A yearlong project to replace Tempe Town Lake’s aging dams was set to begin today, just hours after it ruptured and drained the lake.
Had the dam failed just a few hours later, a torrent of water would have flushed away equipment and the people working on the project.
“I’ll be the first to tell you that sometimes it’s better to be lucky than to be good,” Mayor Hugh Hallman said at the side of the drained lake this morning.
Sections of the new dam are waiting to be installed, and Tempe expects it will refill the lake by Nov. 1. Some small events will be displaced but the lake should be restored in time for the Arizona Ironman competition, one of the lake’s main events.
The city tried to find a silver lining in the overnight loss of a lake that’s a centerpiece luring tourism and economic development to the once-blighted riverbed.
No injuries were reported, and an emergency alarm system on the lake was triggered within minutes of the rupture at 9:46 p.m. Tuesday.
“The system worked exactly as it was supposed to,” Hallman said.
Anybody who would have been on the lake would have noticed the water level dropping, but city officials said barriers by the dams keep boaters far enough away to prevent a current from sweeping them away.
Video surveillance on the dam showed the rupture was quick and there no warning signs or indication of intentional damage, City Manager Charlie Meyer said. The dam appeared to come apart at one of its seams.
With the lake’s billion gallons of water mostly gone, crews can replace the dams much faster and at a lower cost.
Tempe had planned to replace each of the four rubber bladders without emptying the lake, as a metal structure can be placed next to the dam to prevent water loss while a segment is removed.
It takes about six weeks to replace each segment. Once the dams are back up, it takes two weeks to fill the lake.
Three of the structures will be in place when the city starts filling the lake, while the temporary dam will be in place as the final one is being installed.
In the meantime, Hallman said visitors will notice a smell coming from the riverbed. Puddles up to 3 feet deep will accumulate in parts of the former lake.
Work still began on Monday, as two dam segments have been delivered by manufacturer Bridgestone Industrial Products. The last of the Japanese-made rubber bladders is set to arrive in October.
The dam’s integrity has been a known issue since 2006, when Tempe learned the rubber was aging much faster than expected. A manufacturing problem was to blame, Meyer said.
When the dams were installed in 1999, water was supposed to flow over the west dam to cool the rubber and reduce sunlight. But one of the segments sagged too much in the middle, making it impossible to have water flowing.
The city will install a sprinkler system so the new dams are kept wet. Also, a pedestrian bridge will be built over the dam after the repairs are made, and that structure will offer some shade.
The dams were supposed to last 25-30 years, but a 10-year warranty expired in 2009.
Tempe will lease the replacements for five years, after extensive negotiations with Bridgestone to have it cover some costs because the dams were not as durable as expected.
The transaction was complicated in part because Bridgestone exited the rubber dam business in 2008. These structures are the last ones the company plans to make, spokesman Don Darden said.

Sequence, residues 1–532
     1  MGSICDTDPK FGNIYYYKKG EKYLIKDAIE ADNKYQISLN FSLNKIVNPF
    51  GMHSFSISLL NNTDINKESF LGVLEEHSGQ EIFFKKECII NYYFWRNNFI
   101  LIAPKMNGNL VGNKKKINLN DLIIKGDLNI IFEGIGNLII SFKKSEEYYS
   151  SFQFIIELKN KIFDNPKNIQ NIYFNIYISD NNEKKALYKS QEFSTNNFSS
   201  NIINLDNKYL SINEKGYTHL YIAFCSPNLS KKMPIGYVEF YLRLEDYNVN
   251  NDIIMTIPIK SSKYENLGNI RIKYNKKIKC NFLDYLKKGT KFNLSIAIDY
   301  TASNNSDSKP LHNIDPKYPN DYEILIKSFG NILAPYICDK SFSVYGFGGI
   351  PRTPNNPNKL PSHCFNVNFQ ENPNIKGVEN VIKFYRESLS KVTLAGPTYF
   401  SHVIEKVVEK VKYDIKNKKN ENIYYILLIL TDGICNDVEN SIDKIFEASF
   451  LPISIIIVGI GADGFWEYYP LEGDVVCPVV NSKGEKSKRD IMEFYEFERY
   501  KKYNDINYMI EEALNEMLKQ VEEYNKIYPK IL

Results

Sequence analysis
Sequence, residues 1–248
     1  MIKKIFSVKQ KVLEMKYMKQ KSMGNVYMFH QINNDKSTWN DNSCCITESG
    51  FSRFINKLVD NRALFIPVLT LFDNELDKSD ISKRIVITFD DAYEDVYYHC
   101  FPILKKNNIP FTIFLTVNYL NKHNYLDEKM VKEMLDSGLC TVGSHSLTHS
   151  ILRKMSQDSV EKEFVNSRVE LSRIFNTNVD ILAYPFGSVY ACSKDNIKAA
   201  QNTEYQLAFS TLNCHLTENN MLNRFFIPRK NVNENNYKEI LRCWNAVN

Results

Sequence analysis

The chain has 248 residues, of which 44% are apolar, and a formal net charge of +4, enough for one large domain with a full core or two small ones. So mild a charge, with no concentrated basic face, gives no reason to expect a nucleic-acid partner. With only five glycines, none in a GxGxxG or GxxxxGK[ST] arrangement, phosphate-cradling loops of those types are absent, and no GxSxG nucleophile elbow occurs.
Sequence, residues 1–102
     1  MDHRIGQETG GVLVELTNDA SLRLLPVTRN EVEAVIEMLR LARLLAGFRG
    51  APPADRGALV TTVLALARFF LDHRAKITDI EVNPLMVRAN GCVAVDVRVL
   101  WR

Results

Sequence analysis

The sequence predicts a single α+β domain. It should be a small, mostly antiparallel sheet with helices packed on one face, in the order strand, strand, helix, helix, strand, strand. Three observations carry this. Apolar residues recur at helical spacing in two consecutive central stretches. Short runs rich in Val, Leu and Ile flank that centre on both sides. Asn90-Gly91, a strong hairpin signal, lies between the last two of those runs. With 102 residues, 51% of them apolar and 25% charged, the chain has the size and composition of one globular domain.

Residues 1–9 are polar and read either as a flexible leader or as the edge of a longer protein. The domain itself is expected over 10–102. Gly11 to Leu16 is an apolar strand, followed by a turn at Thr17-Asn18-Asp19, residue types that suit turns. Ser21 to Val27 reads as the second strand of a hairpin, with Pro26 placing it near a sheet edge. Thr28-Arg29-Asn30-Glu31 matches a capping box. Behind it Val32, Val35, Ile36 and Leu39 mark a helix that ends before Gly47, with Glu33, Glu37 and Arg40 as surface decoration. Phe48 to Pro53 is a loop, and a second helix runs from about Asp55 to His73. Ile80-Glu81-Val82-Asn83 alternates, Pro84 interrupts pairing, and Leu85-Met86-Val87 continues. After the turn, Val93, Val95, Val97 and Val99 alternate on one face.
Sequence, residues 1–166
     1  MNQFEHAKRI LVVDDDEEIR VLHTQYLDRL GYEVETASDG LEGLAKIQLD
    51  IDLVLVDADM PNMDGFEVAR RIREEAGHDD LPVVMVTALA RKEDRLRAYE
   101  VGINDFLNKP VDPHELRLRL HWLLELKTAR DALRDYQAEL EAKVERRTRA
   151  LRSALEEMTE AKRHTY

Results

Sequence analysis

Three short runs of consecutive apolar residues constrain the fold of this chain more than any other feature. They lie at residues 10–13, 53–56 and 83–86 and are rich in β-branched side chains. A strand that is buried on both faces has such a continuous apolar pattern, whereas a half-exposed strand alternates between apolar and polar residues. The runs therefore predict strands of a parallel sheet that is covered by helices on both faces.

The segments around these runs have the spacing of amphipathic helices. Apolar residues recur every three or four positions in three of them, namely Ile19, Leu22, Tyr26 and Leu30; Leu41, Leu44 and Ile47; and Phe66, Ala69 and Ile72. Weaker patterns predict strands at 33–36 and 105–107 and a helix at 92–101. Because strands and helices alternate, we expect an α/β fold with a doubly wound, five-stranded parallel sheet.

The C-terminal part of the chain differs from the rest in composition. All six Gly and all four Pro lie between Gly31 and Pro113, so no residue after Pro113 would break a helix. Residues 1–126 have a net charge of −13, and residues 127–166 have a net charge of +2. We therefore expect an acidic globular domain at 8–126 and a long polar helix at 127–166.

Bridgestone has about 200 rubber dams throughout North America, but none in a place as hot as Arizona, he said. The company said heat was to blame for the short lifespan.
“To our knowledge, this is not something that’s happened before,” Darden said.
Tempe expects Bridgestone to pay expenses related to the rupture, including the roughly $250,000 worth of water to refill it. Hallman noted the city has been frustrated with Bridgestone in the past but said he expects the company will fulfill its obligations now.
Tempe has studied dam replacements since learning about the problems with the existing ones. Options include other brands of rubber dams or other types of mechanical systems that allow for adjustable height. A solid dam is not an option: The river has had flows of 200,000 cubic feet of water per second in flood events, and any structures have to be lowered during those times to prevent Tempe from flooding.
Preliminary studies suggest a new system could cost $25 million, said Jeff Kulaga, an assistant city manager. But he cautioned that more research is needed to select the new system and determine its cost.
The city does not plan to replace the four rubber bladders on the lake’s east end because they are usually covered with water and haven’t suffered significant damage.
Until the lake is restored, Tempe will work to accommodate groups that planned events there. Hallman said it’s in everybody’s best interest to have the lake back as quickly as possible, but he said the work is complicated.
“This is not an Erector Set and this is not LEGOs,” Hallman said.
People gathered all day to gawk and snap pictures of the busted dam section near the Tempe Center for the Arts. Shiloh Murillo of Tempe visits the lake about once a week and returned this morning with her three daughters, ages 5 to 9. Murillo said she’ll probably keep going to Tempe Beach Park even if the lake is empty, in part out of fascination over how the repairs will be made.
She recalled watching the city build the 220-acre lake and following the debate over whether Tempe should have built the $45 million lake.
“This whole concept was pretty controversial,” Murillo said. “Not to me. I thought it was a great idea.”